Something is very wrong with Bunce. She's collapsed in the back seat like a dead rabbit. But I can't really focus on it because of the sun and also the wind and because I'm very busy making a list. Things I hate, a list: 1. The sun. 2. The wind. 3. Penelope Bunce, when she hasn't got a plan. 4. American sandwiches. 5. America. 6. The band, America. Which I didn't know about an hour ago. 7. Kansas, also a band I've recently become acquainted with. 8. Kansas, the state. Which isn't that far from Illinois, so it must be wretched. 9. The State of Illinois, for fucking certain. 10. The sun. In my eyes. 11. The wind in my hair. 12. Convertible automobiles. 13. Myself, most of all. 14. My soft heart. 15. My foolish optimism. 16. The words "road" and "trip" when said together with any enthusiasm. 17. Being a vampire, if we're being honest. 18. Being a vampire in a fucking convertible. 19. A deliriously thirsty vampire in a convertible at midday. In Illinois, which is apparently the brightest place on the planet. 20. The sun. Which hangs miles closer to Minooka, Illinois, than it does over London blessed England. 21. Minooka, Illinois. Which seems dreadful. 22. These sunglasses. Rubbish. 23. The fucking sun! We get it - you're very fucking bright! 24. Penelope Bunce, who came up with this idea. An idea not accompanied by a plan. Because all she cared about was seeing her rubbish boyfriend, who clearly cocked it all up. Which we all should have expected from someone from Illinois, land of the damned - a place that manages to be both hot and humid at the same time. You might well expect hell to be hot, but you don't expect it to also be humid. That's what makes it hell, the surprise twist! The devil is clever!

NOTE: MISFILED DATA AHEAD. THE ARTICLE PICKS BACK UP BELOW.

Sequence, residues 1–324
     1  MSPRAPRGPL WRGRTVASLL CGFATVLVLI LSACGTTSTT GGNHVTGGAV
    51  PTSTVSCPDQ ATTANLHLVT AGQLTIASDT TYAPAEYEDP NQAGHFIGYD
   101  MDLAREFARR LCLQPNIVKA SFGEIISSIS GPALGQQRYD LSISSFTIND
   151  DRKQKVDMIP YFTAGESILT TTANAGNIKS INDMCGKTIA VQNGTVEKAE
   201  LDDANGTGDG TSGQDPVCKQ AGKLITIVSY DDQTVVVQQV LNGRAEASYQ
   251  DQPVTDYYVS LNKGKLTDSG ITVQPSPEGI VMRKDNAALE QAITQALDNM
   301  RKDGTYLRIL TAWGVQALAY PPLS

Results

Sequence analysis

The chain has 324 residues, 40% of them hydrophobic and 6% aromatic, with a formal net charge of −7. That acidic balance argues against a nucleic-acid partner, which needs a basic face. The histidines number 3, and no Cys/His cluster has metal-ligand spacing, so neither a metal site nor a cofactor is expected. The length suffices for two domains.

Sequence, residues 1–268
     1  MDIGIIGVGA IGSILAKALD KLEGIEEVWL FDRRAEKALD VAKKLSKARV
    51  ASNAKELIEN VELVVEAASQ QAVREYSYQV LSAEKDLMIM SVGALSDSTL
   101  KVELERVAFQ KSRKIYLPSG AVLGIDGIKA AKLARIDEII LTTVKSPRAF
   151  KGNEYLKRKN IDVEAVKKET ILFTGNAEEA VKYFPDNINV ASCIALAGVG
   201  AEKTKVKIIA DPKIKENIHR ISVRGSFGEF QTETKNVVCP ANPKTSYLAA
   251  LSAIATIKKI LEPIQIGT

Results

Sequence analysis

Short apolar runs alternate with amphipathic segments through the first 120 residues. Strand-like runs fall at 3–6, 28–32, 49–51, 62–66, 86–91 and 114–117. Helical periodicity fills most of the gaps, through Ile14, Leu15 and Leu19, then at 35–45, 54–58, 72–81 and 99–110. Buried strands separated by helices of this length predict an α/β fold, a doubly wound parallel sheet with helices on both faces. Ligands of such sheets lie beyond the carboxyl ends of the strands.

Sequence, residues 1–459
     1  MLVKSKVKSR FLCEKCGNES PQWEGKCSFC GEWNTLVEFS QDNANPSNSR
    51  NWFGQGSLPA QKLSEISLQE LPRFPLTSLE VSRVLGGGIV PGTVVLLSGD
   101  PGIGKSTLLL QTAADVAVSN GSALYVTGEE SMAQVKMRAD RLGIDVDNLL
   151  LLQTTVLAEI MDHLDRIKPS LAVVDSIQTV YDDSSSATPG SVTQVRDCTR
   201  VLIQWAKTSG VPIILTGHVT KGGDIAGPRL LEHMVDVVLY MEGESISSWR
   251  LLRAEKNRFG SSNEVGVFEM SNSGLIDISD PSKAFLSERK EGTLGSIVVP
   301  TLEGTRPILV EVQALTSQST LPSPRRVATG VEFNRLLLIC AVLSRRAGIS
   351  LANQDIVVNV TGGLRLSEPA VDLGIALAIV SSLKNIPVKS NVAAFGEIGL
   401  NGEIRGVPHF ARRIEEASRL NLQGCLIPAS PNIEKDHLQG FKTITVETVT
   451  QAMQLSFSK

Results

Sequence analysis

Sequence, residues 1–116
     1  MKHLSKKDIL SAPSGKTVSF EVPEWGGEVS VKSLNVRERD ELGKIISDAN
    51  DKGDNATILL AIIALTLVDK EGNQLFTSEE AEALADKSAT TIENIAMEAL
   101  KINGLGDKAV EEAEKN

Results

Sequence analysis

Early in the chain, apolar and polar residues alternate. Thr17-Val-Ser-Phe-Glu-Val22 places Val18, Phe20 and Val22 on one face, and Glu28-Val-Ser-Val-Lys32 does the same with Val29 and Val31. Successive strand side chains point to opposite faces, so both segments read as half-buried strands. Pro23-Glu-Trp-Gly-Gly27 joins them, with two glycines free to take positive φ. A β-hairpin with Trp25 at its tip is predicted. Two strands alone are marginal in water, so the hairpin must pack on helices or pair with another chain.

Rainbow Rowell (Wayward Son (Simon Snow, #2))
Host: For those of you just tuning in, our guests tonight are the amazing Murder Magician, and his lovely minion, The Assistant... Assistant: Charmed, I'm sure Host: Who recently killed The Rumor. And you were awarded the Oppenheimer prize for villainy at last week's annual summit for dastardly deeds-- what are you going to do with all that money? Murder Magician: Well, I'm so glad you asked that-- because I spent all the money on this giant MURDERBOT, and I've been dying to show it off! Assistant: It's true... every penny. Host: Wow! That's impressive! So what does it do? Murder Magician: Well, Mr. Clark... it murders people. Laughter. Murder Magician: I'm serious. Assistant: He is.
Gerard Way (The Umbrella Academy, Vol. 1: Apocalypse Suite)
Please don’t make the mistake of thinking the arts and sciences are at odds with one another. That is a recent, stupid, and damaging idea. You don’t have to be unscientific to make beautiful art, to write beautiful things. If you need proof: Twain, Adams, Vonnegut, McEwen, Sagan, Shakespeare, Dickens. For a start. You don’t need to be superstitious to be a poet. You don’t need to hate GM technology to care about the beauty of the planet. You don’t have to claim a soul to promote compassion. Science is not a body of knowledge nor a system of belief; it is just a term which describes humankind’s incremental acquisition of understanding through observation. Science is awesome.